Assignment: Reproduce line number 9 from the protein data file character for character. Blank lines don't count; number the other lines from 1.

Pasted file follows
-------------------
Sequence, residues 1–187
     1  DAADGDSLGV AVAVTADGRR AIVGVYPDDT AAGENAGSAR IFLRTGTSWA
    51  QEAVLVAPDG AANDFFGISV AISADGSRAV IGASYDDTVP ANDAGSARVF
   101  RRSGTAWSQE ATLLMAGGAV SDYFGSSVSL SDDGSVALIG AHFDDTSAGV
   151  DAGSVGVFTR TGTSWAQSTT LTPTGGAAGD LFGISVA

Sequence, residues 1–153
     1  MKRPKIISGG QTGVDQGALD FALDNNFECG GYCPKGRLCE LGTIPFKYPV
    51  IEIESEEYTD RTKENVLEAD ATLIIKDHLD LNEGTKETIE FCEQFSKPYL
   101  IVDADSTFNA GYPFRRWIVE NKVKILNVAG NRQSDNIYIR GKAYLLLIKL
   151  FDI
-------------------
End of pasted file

   101  IVDADSTFNA GYPFRRWIVE NKVKILNVAG NRQSDNIYIR GKAYLLLIKL